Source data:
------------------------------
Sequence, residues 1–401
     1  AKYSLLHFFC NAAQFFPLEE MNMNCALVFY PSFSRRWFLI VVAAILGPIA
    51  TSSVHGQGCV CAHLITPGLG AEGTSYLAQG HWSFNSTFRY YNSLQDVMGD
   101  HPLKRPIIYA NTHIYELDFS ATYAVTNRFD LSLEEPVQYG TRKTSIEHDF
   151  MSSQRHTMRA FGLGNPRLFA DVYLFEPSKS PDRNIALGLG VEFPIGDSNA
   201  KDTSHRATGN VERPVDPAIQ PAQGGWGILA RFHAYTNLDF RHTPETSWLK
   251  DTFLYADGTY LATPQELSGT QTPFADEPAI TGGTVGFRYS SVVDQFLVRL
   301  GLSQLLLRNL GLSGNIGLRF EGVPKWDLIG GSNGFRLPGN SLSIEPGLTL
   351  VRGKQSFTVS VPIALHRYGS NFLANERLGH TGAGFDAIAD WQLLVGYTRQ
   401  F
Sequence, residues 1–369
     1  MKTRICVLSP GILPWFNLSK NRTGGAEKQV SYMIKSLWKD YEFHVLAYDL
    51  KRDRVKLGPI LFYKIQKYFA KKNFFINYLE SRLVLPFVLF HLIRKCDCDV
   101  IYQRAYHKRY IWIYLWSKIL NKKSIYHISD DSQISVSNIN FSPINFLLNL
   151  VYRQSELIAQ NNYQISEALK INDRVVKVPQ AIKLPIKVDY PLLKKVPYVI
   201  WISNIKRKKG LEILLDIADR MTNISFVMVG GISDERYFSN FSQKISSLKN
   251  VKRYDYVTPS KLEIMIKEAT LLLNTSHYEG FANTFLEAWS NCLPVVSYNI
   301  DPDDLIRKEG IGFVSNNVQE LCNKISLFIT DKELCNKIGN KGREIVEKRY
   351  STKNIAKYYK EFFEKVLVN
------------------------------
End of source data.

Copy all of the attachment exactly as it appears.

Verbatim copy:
Sequence, residues 1–401
     1  AKYSLLHFFC NAAQFFPLEE MNMNCALVFY PSFSRRWFLI VVAAILGPIA
    51  TSSVHGQGCV CAHLITPGLG AEGTSYLAQG HWSFNSTFRY YNSLQDVMGD
   101  HPLKRPIIYA NTHIYELDFS ATYAVTNRFD LSLEEPVQYG TRKTSIEHDF
   151  MSSQRHTMRA FGLGNPRLFA DVYLFEPSKS PDRNIALGLG VEFPIGDSNA
   201  KDTSHRATGN VERPVDPAIQ PAQGGWGILA RFHAYTNLDF RHTPETSWLK
   251  DTFLYADGTY LATPQELSGT QTPFADEPAI TGGTVGFRYS SVVDQFLVRL
   301  GLSQLLLRNL GLSGNIGLRF EGVPKWDLIG GSNGFRLPGN SLSIEPGLTL
   351  VRGKQSFTVS VPIALHRYGS NFLANERLGH TGAGFDAIAD WQLLVGYTRQ
   401  F
Sequence, residues 1–369
     1  MKTRICVLSP GILPWFNLSK NRTGGAEKQV SYMIKSLWKD YEFHVLAYDL
    51  KRDRVKLGPI LFYKIQKYFA KKNFFINYLE SRLVLPFVLF HLIRKCDCDV
   101  IYQRAYHKRY IWIYLWSKIL NKKSIYHISD DSQISVSNIN FSPINFLLNL
   151  VYRQSELIAQ NNYQISEALK INDRVVKVPQ AIKLPIKVDY PLLKKVPYVI
   201  WISNIKRKKG LEILLDIADR MTNISFVMVG GISDERYFSN FSQKISSLKN
   251  VKRYDYVTPS KLEIMIKEAT LLLNTSHYEG FANTFLEAWS NCLPVVSYNI
   301  DPDDLIRKEG IGFVSNNVQE LCNKISLFIT DKELCNKIGN KGREIVEKRY
   351  STKNIAKYYK EFFEKVLVN